Taken together, these results shed light on new elements important to RPs’ perception of autonomy and reinforce the importance of previously identified elements, as well as providing evidence to their generalizability across specialties. We realize that the development of trust between APs and RPs is a critical step which allows increased responsibility and the provision of autonomous decision making. Development of this trust not only depends on competence (knowledge or skills) but is complemented by integrity (truthfulness and benevolence), reliability (predictable behavior) and humility (insight into own limitations and willingness to ask for help if needed) . Graduated level of independence and entrustment addresses the tension between supervision and autonomy by appropriately increasing independence without affecting patient safety . Identifying those factors which contribute most to RPs’ perceptions of their own autonomy will allow APs to alter their approach to learners in order to best support their development as independent practitioners.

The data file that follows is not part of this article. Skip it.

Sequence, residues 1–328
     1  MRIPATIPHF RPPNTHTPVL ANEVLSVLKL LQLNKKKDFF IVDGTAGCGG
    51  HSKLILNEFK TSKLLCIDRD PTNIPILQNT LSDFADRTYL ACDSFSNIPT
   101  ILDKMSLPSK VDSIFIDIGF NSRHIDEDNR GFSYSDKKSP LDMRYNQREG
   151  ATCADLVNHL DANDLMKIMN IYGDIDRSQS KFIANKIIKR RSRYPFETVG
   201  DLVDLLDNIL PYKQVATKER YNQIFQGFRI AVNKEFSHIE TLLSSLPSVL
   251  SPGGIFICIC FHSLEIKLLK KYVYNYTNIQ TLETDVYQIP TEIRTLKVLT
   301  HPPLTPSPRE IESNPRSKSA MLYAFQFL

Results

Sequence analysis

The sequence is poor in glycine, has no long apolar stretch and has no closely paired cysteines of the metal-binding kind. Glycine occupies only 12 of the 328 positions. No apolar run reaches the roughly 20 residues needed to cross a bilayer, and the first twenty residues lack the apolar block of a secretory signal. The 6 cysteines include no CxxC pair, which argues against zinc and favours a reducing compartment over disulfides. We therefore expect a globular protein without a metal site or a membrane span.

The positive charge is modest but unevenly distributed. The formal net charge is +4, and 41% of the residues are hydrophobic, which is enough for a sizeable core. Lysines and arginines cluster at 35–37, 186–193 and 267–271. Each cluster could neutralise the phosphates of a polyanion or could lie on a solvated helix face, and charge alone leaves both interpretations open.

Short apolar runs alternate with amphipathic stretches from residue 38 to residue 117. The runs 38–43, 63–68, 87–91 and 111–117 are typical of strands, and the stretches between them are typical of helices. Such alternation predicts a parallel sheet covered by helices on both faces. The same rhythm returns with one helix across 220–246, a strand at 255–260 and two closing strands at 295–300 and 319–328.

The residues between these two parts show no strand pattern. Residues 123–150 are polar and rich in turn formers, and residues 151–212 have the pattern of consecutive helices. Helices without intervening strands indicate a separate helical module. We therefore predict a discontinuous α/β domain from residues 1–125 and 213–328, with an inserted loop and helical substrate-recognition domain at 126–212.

There were limitations to this study. Participants were only from Iowa residency programs and RP experiences in other states, particularly those with very different patient populations, may be quite different, resulting in varied thoughts on the concept of autonomy. RPs in more procedure-heavy fields (surgery, OB-GYN, anesthesia, etc.) were not included in this study, and future research is needed to determine if they have different perceptions of these issues. The limited number of residency programs that participated, and particularly limited numbers of resident participants within each of the group meetings, did not allow for meaningful analysis of differences in RP perspectives between specialty and/or residency program. However, the number of programs and participants was appropriate for an exploratory study of this type seeking to identify the range of perspectives that residents have in regard to this issue. The multimethod approach used to data collecting, combining open ended survey questions with facilitated group discussion, allowed for a maximum range of perspectives to be gathered and analyzed. It would be advantageous to expand this study to other programs at different institutions to see if the range of responses and main themes identified in this study are more generalizable would allow identification of differences in perceptions and experiences of residents at different levels and in different disciplines. Finally, this study did not examine the views of APs. Previous work has shown that there is often a disconnect between RPs and APs regarding autonomous behavior and abilities, and that even within groups of APs there can be different perceptions of autonomy based on experience level, the field in which an AP/RP pair practice, and other characteristics that may vary between physicians [1, 12, 22, 24, 25]. Determining how best to discern when to entrust specific tasks to RPs is an ongoing point of discussion [1, 23, 26].